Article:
There are so many different types of lamps out there that having an understanding of the "lamp families" helps you understand how to troubleshoot them easier. Let's dive in.
Incandescent lamps are probably the most known lamps out on the market. When the average person thinks about a light bulb, they tend to imagine an incandescent filament bulb. Incandescent lamps have been used for decades to illuminate homes, roads, businesses, and much more. They were the most widely used lamp of the 20th century as they led the way in illumination from the origin of the light bulb until now.
Incandescent bulbs use a tungsten metal filament on the inside, that has a certain amount of resistance from one end to the other. When you send current through the lamp this filament gets so hot that it begins to glow. This glowing is what the lamp uses to illuminate a room. Every type of lamp has some sort of inert gas on the inside that helps create a “jacket” around the tungsten filament to minimize oxidization. In incandescent lamps this gas is argon. Some other lamps like high-pressure sodium HID’s use xenon instead.
To find out if an incandescent lamps is good you can normally visually inspect the filament. If it appears broken then most likely the lamp is bad. If you’re unsure, or you have a frosted lamp, you can take your tester out and switch it to “continuity” and test from the metal tip of the bottom side of the lamp, to the metal screw-shell. You should hear a continuous tone from the tester. If there’s no tone, then more than likely the filament is broken and the lamp is bad.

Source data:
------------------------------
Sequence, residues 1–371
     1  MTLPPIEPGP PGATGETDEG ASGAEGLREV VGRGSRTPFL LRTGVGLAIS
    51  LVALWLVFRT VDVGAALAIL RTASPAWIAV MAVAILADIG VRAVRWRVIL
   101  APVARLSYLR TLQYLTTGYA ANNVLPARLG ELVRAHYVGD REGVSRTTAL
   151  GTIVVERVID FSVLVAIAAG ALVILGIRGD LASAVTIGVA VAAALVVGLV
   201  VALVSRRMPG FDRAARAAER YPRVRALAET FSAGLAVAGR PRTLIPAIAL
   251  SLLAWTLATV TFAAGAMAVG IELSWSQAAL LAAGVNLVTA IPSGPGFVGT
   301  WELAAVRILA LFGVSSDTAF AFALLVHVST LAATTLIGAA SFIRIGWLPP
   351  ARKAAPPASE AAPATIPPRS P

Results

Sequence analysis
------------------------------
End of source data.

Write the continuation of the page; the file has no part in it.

Halogen’s are a slightly different “family” of lamps than incandescent but they operate very similarly so often times they’re still considered incandescent light sources. A halogen lamp still has a tungsten filament inside of them, but they normally put this filament inside of an inner quartz tube deep inside the lamp. The quartz tube is typically filled with an amalgam of Halogen gasses rather than Argon. The halogen gas does a couple of things - it helps reduce breakdown of the tungsten filament and re-deposits the suit flaking off of the element back onto the element. The reason they’re designed this way is that a typical incandescent lamp wastes a lot of energy when illuminating. Designing a smaller filament with a smaller quartz tube, filled with Halogen gasses, allows a lot of that energy to be captured allowing the lamp to operate more efficiently.